Nominee’s record both before and after becoming a federal judge has generated widespread opposition to his elevation to U.S. Court of Appeals for the 5th Circuit
People For the American Way President Ralph G. Neas urged Senate Judiciary Committee members to carefully consider the public record of Judge Charles Pickering and to reject his nomination to the U.S. Court of Appeals for the 5th Circuit.
"Judge Charles Pickering should not be elevated to the appeals court and the Senate Judiciary Committee should reject his nomination," said Neas. "His actions over the past decade as a federal judge and his long public record before that reflect a troubling lack of commitment to fundamental civil and constitutional rights principles."
Neas noted that Pickering’s public record has generated opposition to his confirmation from a broad range of civil rights and other public interest organizations, including the NAACP chapter in Pickering’s home state of Mississippi and the Magnolia Bar Association, the state’s predominantly African American bar group. People For the American Way has published a review of Pickering’s record, as have a number of other public interest organizations.
Because many opponents of Pickering’s confirmation have focused on his troubling civil rights record, said Neas, some Pickering supporters have claimed that his opponents are smearing him as a racist. Neas said People For the American Way has clearly documented that its opposition to Pickering’s elevation to the appeals court is grounded solidly in his public record. "We cannot know what is in Pickering’s heart," said Neas. "But we do know what is in his record. And that is why we are opposing his confirmation to the federal appeals court."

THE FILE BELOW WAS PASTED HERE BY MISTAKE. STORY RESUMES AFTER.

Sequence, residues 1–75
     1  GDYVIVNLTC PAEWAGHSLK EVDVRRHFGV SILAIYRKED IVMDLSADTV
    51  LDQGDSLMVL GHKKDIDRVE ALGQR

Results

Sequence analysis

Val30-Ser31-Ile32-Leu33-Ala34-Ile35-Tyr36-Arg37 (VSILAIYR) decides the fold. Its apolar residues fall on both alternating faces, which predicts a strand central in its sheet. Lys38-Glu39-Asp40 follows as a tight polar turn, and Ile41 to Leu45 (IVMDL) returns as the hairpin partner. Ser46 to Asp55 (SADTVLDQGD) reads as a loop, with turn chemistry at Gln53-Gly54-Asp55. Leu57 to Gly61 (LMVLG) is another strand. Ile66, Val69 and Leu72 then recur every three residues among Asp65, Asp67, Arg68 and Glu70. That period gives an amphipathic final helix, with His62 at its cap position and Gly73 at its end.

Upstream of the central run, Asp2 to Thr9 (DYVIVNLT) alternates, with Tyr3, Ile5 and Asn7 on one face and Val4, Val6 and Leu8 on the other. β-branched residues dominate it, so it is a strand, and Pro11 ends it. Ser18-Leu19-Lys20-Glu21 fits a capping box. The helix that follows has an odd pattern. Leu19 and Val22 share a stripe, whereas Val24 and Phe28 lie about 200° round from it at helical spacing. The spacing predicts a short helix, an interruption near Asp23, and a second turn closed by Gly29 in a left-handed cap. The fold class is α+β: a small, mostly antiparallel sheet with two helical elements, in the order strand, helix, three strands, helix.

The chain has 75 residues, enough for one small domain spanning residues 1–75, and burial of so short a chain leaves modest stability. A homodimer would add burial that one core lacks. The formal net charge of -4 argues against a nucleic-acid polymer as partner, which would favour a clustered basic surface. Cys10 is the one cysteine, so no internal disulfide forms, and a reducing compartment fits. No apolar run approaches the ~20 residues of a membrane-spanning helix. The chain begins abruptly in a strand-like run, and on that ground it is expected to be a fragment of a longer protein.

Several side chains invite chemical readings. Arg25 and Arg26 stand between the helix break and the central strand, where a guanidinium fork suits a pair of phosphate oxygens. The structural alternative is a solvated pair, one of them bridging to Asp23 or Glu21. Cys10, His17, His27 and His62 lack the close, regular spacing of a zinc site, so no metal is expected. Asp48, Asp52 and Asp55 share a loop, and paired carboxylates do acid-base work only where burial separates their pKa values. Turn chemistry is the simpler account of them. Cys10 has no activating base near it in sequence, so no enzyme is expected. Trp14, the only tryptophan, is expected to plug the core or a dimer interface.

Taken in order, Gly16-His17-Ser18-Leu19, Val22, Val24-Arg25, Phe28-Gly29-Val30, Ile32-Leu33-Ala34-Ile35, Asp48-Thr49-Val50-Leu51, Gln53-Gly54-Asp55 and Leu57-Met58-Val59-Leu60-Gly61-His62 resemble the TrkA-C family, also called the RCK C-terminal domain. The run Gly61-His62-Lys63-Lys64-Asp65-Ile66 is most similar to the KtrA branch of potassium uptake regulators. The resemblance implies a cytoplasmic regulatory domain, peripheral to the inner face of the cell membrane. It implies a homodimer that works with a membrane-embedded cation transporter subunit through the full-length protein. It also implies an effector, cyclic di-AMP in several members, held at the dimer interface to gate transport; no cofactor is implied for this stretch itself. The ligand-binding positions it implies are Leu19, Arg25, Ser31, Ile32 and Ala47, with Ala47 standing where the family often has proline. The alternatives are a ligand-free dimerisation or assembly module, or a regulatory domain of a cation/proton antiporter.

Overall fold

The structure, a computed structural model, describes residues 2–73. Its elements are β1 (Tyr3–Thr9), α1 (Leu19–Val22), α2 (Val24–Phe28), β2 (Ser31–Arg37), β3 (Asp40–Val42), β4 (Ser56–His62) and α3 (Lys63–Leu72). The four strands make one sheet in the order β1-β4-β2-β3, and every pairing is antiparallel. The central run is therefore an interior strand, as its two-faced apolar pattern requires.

Among the concerns raised by PFAW and other opponents of Pickering’s confirmation:
His record demonstrates insensitivity and hostility toward key principles and remedies that safeguard civil rights, and indifference toward the problems caused by laws and institutions that have previously created and perpetuated discrimination.
Even conservative appellate court judges have reversed Judge Pickering on a number of occasions for violating "well-settled principles of law" involving constitutional rights and other matters, and for improperly denying people access to the courts. Another Bush nominee to the 5th Circuit, the recently confirmed Edith Brown Clement, had no such reversals during her tenure as a district judge.
As a state senator, Pickering co-sponsored and voted for measures harmful to minority voting rights, including a resolution calling on Congress to repeal or weaken key provisions of the federal Voting Rights Act. And as a federal judge, Pickering has gone out of his way to criticize key civil rights principles like "one person-one vote" and to repeatedly disparage plaintiffs in civil rights cases.
Pickering testified before the Senate Judiciary Committee that he had had no contact with the infamous Mississippi State Sovereignty Commission, which opposed desegregation and infiltrated civil rights organizations to disrupt their efforts. In fact, Pickering went into law practice with a well-known defiant segregationist who served as a member of the Commission for part of the time he was Pickering’s law partner. In the state legislature, Pickering twice voted to fund the Commission.